Martingale & Company, 2001
Paperbound, 128 pages
Suggested retail: $28.95


The Baltimore album appliqué style is among the most rigidly traditional of all. What makes a Baltimore album – the elaborate fruit and flower appliqué patterns – doesn’t allow for much creativity of design for the quilter. Or does it? Jane Townswick undertakes in her new book to show how quilters can put new wine in old bottles by ringing changes on traditional album blocks. Starting with a significant example of the style, an 1857 quilt from New York state, belonging to the State Historical Association, Townswick shows the reader how to update and vary the traditional blocks in the quilt for a fresh and contemporary look that still is clearly in the Baltimore tradition. Townswick also uses fabric selection to update her look, and the effects of including Skydyes and other contemporary fabrics are refreshing and new. The book is full of tricks and techniques for easier appliqué. If you think Baltimore albums tend to be a bit stuffy, this book is a good antidote!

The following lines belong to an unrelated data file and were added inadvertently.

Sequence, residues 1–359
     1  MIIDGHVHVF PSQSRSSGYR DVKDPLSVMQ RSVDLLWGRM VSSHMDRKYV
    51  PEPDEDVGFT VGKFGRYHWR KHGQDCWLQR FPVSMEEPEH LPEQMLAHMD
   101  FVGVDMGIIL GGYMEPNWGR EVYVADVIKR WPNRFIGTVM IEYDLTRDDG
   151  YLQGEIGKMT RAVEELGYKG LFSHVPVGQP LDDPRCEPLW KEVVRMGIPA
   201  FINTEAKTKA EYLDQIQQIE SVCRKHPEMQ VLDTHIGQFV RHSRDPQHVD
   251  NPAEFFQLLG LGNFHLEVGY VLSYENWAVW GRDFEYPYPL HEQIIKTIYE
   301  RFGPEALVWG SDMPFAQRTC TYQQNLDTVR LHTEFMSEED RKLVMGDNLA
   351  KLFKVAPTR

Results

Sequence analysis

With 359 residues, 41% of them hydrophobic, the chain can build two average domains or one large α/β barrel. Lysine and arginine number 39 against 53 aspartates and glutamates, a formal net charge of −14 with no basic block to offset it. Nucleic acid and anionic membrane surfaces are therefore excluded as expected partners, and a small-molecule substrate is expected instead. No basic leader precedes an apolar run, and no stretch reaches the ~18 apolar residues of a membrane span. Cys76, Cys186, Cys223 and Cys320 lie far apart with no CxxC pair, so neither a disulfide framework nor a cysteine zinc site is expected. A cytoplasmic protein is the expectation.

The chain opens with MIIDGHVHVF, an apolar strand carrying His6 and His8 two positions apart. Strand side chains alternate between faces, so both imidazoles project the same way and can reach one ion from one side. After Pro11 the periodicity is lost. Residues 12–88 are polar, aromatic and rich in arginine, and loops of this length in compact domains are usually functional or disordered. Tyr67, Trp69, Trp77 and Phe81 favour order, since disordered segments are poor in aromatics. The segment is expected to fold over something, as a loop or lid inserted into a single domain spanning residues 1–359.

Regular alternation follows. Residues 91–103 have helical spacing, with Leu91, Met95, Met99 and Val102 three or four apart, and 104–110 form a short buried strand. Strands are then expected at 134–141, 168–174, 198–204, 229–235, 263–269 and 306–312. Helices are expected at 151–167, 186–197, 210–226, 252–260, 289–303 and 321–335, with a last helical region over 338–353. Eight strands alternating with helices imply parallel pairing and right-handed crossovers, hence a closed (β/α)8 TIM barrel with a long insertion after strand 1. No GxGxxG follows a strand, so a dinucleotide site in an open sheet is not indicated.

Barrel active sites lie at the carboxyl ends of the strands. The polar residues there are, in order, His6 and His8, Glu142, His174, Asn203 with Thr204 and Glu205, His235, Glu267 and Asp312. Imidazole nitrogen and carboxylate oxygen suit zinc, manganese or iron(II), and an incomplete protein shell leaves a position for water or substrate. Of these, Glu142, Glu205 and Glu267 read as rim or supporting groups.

In the Studio with Judy Murrah
By Judy Murrah
Martingale & Company, 2001
Paperbound, 96 pages
Suggested retail: $24.95

Just about every quilter has started out quilting in a space designed for something else - the dining room table, a corner of the bedroom, a closet or basement. And most of them suffer from a particular kind of malady known as "studio envy." If these quilters eventually become affluent or lucky enough to acquire a real studio, they then display the equally unpleasant symptoms of "studio flaunting." Studio flaunting is what Judy Murrah does in the first chapter of her new book, and all of you out there still sewing in a catbox should be prepared for a flare-up of your studio envy. Murrah's flaunting does have a purpose beyond self-congratulation, though, as her first chapter contains a great many good ideas for organizing your sewing, whether it be in a large room or a small one. After that, she moves on to a dozen colorful, creative, and fun projects that have a great deal of appeal. My favorite of these is "Crazy Logs," a crazy-patch variation of the log cabin pattern, which is used in both a small quilt and in a jacket. She also presents a charming 10 by 14-inch "love note" quilt that can be adapted for a number of occasions. Embellishments and special fabric techniques add grace notes to these appealing projects.